Then one of the best things to do in Portland Maine is to take the ferry to Peaks Island, or any of the other islands in the area really (aka Little Diamond Island, Great Diamond Island, Long Island, Cliff Island, Chebeague Island, and Bailey island in the summer). 

Because not only is Peaks Island a mere twenty-minute ride away from Portland, but the Casco Bay Lines ferry terminal is located right smack dab in the middle of the Old Port area and sits at the intersection of Franklin and Commerical Streets. 

So yeah, this big, yellow ferry is super easy to find and has regular departures to Peaks Island. Obviously ferry times vary by season but even in the winter, they still have ferries that depart to and from the island every hour or so. 

Fares are also pretty dang cheap since a round-trip ticket to Peaks Island will cost you a mere $7.70 for an adult passenger in the peak season and just $4.10 in the off-season.

And once on the island? Well, ride around and enjoy the sweet, sweet views of the ocean. Sure, there are a few restaurants, art galleries, gift shops, and one hotel.

But, on the whole, there isn’t a ton to do. 

That’s why I’d personally rent a bike (turn left at the main street and there will be a self-rent bike place on your right where bikes are $10 per hour. And an hour should be enough time to ride around the island unless you want to stop and take a ton of photos like me) or drive a golf cart around the edge of the island (the island is pretty small so I don’t think a golf cart is necessary TBH). 

If you want, you can also take some time to hike along some of the island’s many trails or visit the umbrella cover museum (it’s quirky AF and even has an x-rated section) and the Fifth Maine Museum too (a museum about the Fifth Maine regiment that served in the Civil War. it’s small with limited hours only on Fridays). 

Pro Tip: Personally I don’t think you need an entire day on Peaks Island. I think devoting either a morning or afternoon to exploring the island should be more than enough time. Also, be careful where you park your car. Some lots charge $10 an hour while some charge $10 per day. So, be on the lookout for the parking lots with the more reasonable fees.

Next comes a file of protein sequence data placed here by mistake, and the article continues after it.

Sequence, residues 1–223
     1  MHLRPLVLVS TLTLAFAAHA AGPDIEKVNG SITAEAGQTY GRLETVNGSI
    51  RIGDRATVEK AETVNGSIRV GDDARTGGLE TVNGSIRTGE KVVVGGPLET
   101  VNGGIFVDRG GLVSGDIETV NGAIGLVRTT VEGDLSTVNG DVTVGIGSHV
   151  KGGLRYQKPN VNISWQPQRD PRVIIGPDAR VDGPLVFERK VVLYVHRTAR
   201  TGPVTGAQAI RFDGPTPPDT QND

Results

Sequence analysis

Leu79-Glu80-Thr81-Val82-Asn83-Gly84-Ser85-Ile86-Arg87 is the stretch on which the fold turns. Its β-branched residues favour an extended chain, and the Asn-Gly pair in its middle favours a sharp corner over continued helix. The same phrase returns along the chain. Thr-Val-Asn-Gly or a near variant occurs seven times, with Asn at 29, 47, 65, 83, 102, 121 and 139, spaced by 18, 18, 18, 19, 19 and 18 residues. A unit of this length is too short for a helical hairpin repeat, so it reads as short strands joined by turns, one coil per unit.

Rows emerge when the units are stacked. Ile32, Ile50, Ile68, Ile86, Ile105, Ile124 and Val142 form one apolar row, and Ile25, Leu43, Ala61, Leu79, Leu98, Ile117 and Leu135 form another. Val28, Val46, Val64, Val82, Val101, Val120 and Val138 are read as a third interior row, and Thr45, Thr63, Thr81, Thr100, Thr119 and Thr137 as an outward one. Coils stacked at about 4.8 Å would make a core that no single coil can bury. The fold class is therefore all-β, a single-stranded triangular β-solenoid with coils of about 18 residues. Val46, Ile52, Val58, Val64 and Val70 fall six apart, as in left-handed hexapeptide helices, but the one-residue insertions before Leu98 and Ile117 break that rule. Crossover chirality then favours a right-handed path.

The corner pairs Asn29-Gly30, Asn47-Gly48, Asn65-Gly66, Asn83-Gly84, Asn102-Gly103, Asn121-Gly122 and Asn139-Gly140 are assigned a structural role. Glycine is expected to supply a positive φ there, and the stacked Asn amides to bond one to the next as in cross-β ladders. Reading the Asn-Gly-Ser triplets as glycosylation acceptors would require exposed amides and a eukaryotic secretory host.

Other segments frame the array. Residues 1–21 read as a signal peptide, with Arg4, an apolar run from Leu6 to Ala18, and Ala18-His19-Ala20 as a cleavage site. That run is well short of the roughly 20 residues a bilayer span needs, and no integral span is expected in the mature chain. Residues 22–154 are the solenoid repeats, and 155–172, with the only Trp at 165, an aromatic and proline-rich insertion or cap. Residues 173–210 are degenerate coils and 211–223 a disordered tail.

Address: 56 Commercial St, Portland, ME 04101

Hours: They vary based on the season and which island you want to visit. But in general, services start as early as 5:00 am and continue until well after 10:00 pm daily. But check their website for more info. 

Price: Round trip tickets to Peaks Island are $7.70 for adults and $3.85 for children/seniors/disabled in the peak season and $4.10 for adults and $2.00 for children/seniors/disabled in the off-peak season. 

7. Stroll through the Old Port Area

The Old Port area in downtown Portland, Maine.

Personally, I’m not a HUGE fan of the Old Port area. Yes, it’s charming with its cobblestone streets, fishing piers, and repurposed warehouses overlooking the water (now stores, restaurants, and souvenir shops).

But, truth be told, it all feels just a little bit too touristy to me. 

That being said though, if you’re planning your very first weekend in Portland itinerary then this is easily one of the best things to do in Portland Maine. 

Plus, you’ll be in the area anyway since a lot of the items on this are right here. So yeah, it’s kind of like, umm, why not visit?

However, the real question remains, what should you do once you get here? 

Well, here are some awesome Portland Maine things to do in the Old Port area:

  • Attend a Festival – A lot of people flock to the area for the aptly named Old Port Festival in June and for Merry Madness in December.
  • Shop Til You Drop – There are a ton of cool stores in the area like Sea Bags (they make chic bags out of old sailboat sails),  Rough & Tumble (more handmade handbags), and Zane for designer clothes, just to name a few.
  • Get some Items for your Home Kitchen – I’m not a cook but I’ve heard that Salt Cellar and Skordo carry the best fresh spices, herbs, and rubs for all your most dire cooking needs.